Jump to content


 


Register a free account to unlock additional features at BleepingComputer.com
Welcome to BleepingComputer, a free community where people like yourself come together to discuss and learn how to use their computers. Using the site is easy and fun. As a guest, you can browse and view the various discussions in the forums, but can not create a new topic or reply to an existing one unless you are logged in. Other benefits of registering an account are subscribing to topics and forums, creating a blog, and having no ads shown anywhere on the site.


Click here to Register a free account now! or read our Welcome Guide to learn how to use this site.

Photo

External Hard Drive going bad, trying to help a friend


  • Please log in to reply
7 replies to this topic

#1 trevzilla

trevzilla

  • Members
  • 116 posts
  • OFFLINE
  •  
  • Local time:04:08 PM

Posted 26 October 2014 - 01:33 PM

So, I have a friend whose hard drive is on the verge of obsolescence. It has pretty much died on us. I told them that I MAY be able to get the info off the hard drive using Ubuntu instead of Windows. Well, I had a little luck, but was only able to get about 50 megs off the drive before Ubuntu essentially couldn't see the drive any more.

 

So I'm curious if there is anything I can do, as a last ditch effort to get this info off the harddrive. Is there anything I can do to MAKE windows or Ubuntu see the hard drive just for the amount of time I need to get some more info off of it, or am I up the creek without a paddle at this point?

 

I have a dual boot Windows8/Ubuntu 14.01 OS. So I'm happy using either OS to get this done, Or if there is some other app out there. Like maybe Gparted or another hard drive utility that could help me out.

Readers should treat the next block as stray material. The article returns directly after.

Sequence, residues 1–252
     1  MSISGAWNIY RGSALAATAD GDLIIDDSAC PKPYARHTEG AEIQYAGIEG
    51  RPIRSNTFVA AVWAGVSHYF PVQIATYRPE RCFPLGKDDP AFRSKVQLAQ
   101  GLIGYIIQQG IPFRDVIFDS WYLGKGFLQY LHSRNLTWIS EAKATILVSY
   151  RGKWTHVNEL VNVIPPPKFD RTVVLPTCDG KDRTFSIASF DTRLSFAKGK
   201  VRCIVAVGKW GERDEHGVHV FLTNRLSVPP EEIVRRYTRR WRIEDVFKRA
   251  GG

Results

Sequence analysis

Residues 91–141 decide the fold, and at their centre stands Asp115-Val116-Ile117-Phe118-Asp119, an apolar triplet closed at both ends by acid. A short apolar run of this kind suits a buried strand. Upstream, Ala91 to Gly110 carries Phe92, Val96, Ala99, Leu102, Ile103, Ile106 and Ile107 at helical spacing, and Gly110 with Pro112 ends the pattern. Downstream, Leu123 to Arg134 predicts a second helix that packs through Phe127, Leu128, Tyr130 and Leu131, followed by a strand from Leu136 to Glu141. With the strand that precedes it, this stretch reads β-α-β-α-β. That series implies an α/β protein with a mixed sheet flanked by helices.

Essentially I want to get this drive up and spinning one last time.

 

Thanks for any help you can offer!



BC AdBot (Login to Remove)

 


#2 JohnC_21

JohnC_21

  • Members
  • 24,286 posts
  • OFFLINE
  •  
  • Gender:Male
  • Local time:06:08 PM

Posted 26 October 2014 - 02:40 PM

You will need a drive that has more space than what the capacity of the failing hard drive is. The easiest way is to use Parted Magic and create a directory on the drive recovering the data. Open up a terminal as root in the directory created and use the ddrescue command. Here is the guide. If th lsblk command shows a single partiiton on the drive, I would do a ddrescue of the partition and not the whole disk.

 

drescue -d -r3 /dev/sdax test.img test.logfile  

 

where x is the partition number. Using the log file, you can stop the image creating and the log file will let you start where you left off.  You may have to eliminate the -d switch as this is direct disk access. May not work on USB.

 

After creating the image which will hopefully finish you can run PhotoRec v6.14 on the image itself. I would use the windows version on the image.

 

In a command window as administrator

 

photorec_win.exe test.img          This will carve the image and hopefully get some extra files that are not corrupted.

 

Photorec step by step



#3 trevzilla

trevzilla
  • Topic Starter

  • Members
  • 116 posts
  • OFFLINE
  •  
  • Local time:04:08 PM

Posted 26 October 2014 - 04:19 PM

Cool! Thanks for the info! I'll start delving into Parted Magic and see what I can come up with! I'll be sure to post back with my findings. :)



#4 trevzilla

trevzilla
  • Topic Starter

  • Members